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Each day TFO Canada publishes a sample of trade news on the Canadian import market along with any new, updated or changed regulations and legislations regarding international trade; countries in which TFO Canada offers services and on the export sectors which it promotes.


World Bank says services lead Kenya

Monday, March 14, 2016 > 11:56:55


Services are  driving Kenya’s export drive, amounting to a 50% increase in earnings led by trade, transport, ICT and financial services according to World Bank figures. 

‘Since 2005, services exports in Kenya have accounted for over 50% of the increase in total exports, and are poised to overtake goods exports’, the The Kenya Country Economic Memorandum: From Economic Growth to Jobs and Shared Prosperity reads in part. It was published last week in Nairobi.

The service sector makes a direct and significant contribution to GDP and job creation, and provides crucial inputs, including logistics, energy, financial or ICT services for the rest of the economy. This has significant effect on the overall investment climate, which is an essential determinant of growth and development

The report is positive aboout Kenya’s economic outlook, but raises questions aboutand the declining emphasis on the agriculture sector and imbalances in income.

Diarietou Gaye, the World Bank Country Director for Kenya said,  “Reviving agriculture remains Kenya’s main pathway to poverty reduction. On jobs, improving the business environment, the education system, and reforming dated labor laws will help. On informality, the real gains come from increasing productivity in the Jua Kali sector” says Diarietou Gaye, World Bank Country Director for Kenya.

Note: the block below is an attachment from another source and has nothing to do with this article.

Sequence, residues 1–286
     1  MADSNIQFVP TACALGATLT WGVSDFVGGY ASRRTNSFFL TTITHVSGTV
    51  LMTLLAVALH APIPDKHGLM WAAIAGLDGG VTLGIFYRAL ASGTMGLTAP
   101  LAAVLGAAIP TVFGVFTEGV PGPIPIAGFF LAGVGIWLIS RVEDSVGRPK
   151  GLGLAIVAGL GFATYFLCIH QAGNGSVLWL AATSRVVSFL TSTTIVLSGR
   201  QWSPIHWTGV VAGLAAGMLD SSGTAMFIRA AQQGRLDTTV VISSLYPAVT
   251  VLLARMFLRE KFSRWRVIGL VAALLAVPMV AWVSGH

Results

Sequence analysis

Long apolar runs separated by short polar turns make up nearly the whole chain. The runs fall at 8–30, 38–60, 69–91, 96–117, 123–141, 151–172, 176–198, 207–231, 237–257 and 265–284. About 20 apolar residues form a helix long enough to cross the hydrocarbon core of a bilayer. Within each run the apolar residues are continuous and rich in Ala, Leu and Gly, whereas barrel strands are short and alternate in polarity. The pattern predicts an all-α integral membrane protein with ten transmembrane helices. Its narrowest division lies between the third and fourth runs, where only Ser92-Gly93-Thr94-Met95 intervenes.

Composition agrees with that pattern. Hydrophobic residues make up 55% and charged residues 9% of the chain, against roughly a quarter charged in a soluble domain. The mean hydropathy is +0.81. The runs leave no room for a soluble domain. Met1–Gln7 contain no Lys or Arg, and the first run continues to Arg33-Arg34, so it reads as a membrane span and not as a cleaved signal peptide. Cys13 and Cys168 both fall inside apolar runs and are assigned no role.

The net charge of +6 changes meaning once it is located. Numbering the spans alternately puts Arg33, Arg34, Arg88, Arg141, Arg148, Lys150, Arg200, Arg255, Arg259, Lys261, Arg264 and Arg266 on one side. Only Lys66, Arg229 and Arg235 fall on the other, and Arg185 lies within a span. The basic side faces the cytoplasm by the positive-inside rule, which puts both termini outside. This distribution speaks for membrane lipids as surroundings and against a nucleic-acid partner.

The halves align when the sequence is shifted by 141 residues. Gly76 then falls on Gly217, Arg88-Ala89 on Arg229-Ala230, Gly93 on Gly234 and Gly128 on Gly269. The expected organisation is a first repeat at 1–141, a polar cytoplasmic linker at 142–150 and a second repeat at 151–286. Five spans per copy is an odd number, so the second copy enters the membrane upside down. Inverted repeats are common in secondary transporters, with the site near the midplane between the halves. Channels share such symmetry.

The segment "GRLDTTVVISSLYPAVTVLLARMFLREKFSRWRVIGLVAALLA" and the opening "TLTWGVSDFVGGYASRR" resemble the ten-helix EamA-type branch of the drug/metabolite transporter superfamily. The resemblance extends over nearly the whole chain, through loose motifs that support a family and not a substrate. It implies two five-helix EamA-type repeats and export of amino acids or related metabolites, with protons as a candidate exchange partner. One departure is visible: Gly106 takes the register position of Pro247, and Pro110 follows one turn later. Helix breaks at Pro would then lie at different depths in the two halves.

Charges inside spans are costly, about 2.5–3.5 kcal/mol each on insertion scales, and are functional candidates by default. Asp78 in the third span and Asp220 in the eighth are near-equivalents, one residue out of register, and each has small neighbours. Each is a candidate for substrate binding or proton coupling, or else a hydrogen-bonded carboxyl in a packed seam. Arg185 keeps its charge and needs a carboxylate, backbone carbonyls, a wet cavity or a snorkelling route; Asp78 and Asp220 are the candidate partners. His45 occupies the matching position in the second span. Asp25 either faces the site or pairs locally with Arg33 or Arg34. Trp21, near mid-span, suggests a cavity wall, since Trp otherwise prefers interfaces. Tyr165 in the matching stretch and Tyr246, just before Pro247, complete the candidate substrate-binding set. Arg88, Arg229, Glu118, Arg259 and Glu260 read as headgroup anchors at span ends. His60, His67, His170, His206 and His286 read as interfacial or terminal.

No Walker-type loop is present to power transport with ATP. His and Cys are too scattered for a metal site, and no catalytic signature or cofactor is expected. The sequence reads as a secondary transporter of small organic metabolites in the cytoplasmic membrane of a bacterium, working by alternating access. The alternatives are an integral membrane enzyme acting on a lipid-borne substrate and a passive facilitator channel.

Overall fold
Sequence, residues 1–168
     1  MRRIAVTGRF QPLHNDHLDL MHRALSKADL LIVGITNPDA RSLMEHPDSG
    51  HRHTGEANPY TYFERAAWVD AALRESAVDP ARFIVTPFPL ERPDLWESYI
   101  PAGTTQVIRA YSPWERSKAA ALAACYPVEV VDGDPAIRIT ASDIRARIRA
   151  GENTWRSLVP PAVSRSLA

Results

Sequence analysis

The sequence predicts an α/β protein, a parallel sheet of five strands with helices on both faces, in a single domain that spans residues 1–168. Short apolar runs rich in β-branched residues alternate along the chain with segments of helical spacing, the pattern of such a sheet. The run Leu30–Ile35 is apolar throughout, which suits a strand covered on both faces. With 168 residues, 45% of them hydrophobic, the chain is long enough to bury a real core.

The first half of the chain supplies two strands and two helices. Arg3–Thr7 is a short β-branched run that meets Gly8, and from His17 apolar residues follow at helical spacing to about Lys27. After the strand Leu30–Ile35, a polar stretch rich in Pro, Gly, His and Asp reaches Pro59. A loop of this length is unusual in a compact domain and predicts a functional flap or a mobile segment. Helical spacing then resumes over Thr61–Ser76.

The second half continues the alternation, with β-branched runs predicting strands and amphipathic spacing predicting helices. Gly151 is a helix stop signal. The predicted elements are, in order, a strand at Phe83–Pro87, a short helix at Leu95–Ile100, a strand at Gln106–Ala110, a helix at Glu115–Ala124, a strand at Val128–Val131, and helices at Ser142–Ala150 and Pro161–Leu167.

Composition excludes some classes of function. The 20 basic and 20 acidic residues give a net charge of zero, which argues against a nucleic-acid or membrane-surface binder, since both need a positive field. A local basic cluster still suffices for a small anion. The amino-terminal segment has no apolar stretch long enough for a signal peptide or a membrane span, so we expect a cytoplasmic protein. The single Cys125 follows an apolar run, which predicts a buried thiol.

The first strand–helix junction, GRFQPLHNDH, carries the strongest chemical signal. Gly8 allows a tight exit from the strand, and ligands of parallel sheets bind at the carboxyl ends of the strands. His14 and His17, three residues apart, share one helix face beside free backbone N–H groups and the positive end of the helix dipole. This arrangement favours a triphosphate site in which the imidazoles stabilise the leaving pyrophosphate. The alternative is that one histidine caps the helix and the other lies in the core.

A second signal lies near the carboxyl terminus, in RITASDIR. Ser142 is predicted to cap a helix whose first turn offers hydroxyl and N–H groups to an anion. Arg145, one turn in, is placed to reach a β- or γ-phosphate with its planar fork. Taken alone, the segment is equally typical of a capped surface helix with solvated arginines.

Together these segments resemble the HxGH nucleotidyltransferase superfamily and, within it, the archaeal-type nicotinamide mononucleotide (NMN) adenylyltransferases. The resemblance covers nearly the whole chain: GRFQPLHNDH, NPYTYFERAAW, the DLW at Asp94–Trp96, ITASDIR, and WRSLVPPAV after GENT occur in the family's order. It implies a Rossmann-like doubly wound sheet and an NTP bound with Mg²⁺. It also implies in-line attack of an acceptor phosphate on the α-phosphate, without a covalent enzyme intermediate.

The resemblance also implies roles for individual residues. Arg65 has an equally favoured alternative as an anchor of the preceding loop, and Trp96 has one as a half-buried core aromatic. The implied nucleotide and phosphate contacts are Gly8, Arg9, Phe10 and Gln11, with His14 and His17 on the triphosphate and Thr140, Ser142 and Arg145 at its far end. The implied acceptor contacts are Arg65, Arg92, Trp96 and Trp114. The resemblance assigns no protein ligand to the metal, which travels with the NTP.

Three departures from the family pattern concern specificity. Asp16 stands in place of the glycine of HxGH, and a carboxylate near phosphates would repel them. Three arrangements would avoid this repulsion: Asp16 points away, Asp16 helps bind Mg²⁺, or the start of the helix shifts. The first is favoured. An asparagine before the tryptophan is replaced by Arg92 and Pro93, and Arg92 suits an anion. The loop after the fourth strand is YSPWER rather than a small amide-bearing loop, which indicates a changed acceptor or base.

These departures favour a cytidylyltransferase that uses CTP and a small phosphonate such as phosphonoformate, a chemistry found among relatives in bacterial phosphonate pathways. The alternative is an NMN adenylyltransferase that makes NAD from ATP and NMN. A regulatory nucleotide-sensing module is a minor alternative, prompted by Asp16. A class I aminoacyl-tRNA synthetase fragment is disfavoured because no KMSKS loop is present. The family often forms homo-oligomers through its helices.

According to the report agriculture’s share in GDP declined from 26.5% in 2006 to 22% in 2014 while manufacturing stagnated at 11.8% of GDP on average during the same period. 

The World Bank says growth has not been inclusive: poverty, unemployment, and informality remain prevalent.

Kenya’s economic growth has been uneven and volatility is high. Domestic shocks have had bigger and longer-lasting effects than external shocks. Hence, reducing volatility becomes primarily a question of domestic policies.

“To accelerate short-term growth, the current savings rate needs to be doubled, primarily by mobilizing domestic savings. The report also identifies three long-term growth drivers: Innovation, Oil, and Urbanization. But, underpinning these recommendations is one overarching theme; that of functioning institutions” says Apurva Sanghi, World Bank Lead Economist and Program Leader for Kenya.

However one major accomplishment and often under-appreciated about the country’s growth is that Kenya has lived within its means. ‘

‘The country has never sought or received debt relief, but has opted for better economic policy - raising revenues, liberalizing trade and the forex market,’ the report states.

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